National Archives Remain A Sticking Point For Clintons

The Clinton White House has yet to release records, which remain sealed at the Clinton Presidential Library in Little Rock, even though the expiration date is long past due for legally releasing the documents. According to Politico:

The papers contain confidential advice given to or sought by President Bill Clinton, including communications with then-first lady Hillary Clinton, and records about people considered for appointments to federal office.

About 33,000 pages of documents are involved, according to the National Archives, which runs the library.

Under the Presidential Records Act, such records can be withheld for up to 12 years after a president leaves office. However, at the 12-year mark, those broad restrictions fall away and the once-secret presidential papers are generally subject to disclosure. For the Clinton files, that milestone came and went in January 2013.

The long-sealed records pose a delicate series of choices for the Clintons, and even President Barack Obama. They could allow disclosure of the papers, fueling new stories about old controversies like Whitewater and pardons granted as the 42nd president left office in 2001. Or they could fight to keep some or all of the files secret, likely triggering a court battle and stoking concerns that the former president and his wife are unduly secretive.

This is not the first time the Clinton administration’s records from the National Archives have been the center of interest. In 2005, former Clinton National Security Adviser Sandy Berger pleaded guilty for intentionally taking and destroying  copies of a classified document about the Clinton administration’s record on terrorism. The original document, however, remained intact and still exists at the National Archives. According to The Washington Post, the document was an “after-action review” prepared by terrorism expert Richard Clarke in early 2000. It  detailed the Clinton administration’s actions to stop terrorist attacks during the millennium celebration. It also had information about the administration’s awareness of the rising threat of attacks on U.S. soil.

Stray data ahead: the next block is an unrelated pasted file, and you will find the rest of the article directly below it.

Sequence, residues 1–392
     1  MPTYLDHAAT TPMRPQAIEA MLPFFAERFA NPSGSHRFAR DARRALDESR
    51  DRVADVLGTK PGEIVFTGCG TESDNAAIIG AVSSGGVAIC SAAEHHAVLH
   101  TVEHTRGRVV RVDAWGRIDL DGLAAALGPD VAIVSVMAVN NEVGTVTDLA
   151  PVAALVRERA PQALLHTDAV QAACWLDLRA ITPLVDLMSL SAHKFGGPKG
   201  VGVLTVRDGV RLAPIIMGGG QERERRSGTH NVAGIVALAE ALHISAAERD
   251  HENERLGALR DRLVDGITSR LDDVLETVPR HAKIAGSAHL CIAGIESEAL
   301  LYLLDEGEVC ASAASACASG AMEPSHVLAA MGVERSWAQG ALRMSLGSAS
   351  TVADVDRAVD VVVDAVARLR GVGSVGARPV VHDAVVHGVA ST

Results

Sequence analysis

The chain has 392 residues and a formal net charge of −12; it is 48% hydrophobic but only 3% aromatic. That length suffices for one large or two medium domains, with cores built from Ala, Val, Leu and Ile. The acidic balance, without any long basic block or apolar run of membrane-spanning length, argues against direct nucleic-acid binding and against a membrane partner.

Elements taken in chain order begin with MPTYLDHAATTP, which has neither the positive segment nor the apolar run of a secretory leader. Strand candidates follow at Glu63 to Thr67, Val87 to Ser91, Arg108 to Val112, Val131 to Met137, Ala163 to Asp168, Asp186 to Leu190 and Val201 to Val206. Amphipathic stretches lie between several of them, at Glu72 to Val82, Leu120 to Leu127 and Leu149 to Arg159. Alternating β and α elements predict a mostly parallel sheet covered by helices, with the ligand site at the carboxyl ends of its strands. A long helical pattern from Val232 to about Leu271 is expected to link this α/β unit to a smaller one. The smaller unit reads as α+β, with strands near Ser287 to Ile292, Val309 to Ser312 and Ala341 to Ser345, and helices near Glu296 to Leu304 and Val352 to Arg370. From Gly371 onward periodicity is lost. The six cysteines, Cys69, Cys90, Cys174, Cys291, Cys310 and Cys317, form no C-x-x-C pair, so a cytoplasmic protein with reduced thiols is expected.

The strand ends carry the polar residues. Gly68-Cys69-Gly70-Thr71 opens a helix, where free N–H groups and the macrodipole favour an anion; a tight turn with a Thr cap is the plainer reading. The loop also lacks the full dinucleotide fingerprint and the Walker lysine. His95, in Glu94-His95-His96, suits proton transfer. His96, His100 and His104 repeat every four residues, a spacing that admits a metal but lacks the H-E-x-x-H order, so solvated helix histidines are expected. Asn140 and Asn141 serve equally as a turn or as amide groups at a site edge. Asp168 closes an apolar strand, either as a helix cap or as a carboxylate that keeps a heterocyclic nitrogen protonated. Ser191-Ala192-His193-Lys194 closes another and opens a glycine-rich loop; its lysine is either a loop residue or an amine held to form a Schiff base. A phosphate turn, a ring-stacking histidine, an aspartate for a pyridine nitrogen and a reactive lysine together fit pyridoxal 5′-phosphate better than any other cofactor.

The incident itself happened in 2003 after Berger visited the National Archives twice, initially claiming he inadvertently walked away with the classified documents and lost them later on. 

Lanny Breuer, who served as special counsel to President Clinton and later as chief of the Criminal Division of the DOJ until March of 2013 in the Obama administration, was Berger’s attorney during the whole ordeal. The Washington Post reported in 2005:

 Under terms negotiated by Berger’s attorneys and the Justice Department, he has agreed to pay a $10,000 fine and accept a three-year suspension of his national security clearance. These terms must be accepted by a judge before they are final, but Berger’s associates said yesterday he believes that closure is near on what has been an embarrassing episode during which he repeatedly misled people about what happened during two visits to the National Archives in September and October 2003.

Lanny Breuer, Berger’s attorney, said in a statement: “Mr. Berger has cooperated fully with the Department of Justice and is pleased that a resolution appears very near. He accepts complete responsibility for his actions, and regrets the mistakes he made during his review of documents at the National Archives.” 

The terms of Berger’s agreement mandated that he acknowledge to the DOJ what actually happened. Instead of his original claim that he unintentionally took copies of the document from the archives and later lost them, he confirmed he intentionally took the copies and shredded them up in his office. National Archives suspected Berger had removed the document after he visited the facility on October 2, 2003. The Archives later called  Bruce R. Lindsey, a former White House lawyer and Clinton’s liaison to the archives and complain about the incident. 

Sources told The Washington Post that Lindsey called Berger, who “soon acknowledged to archives officials that he had removed documents — by accident, he told them — and returned notes that he made, as well as the two documents he had not destroyed.”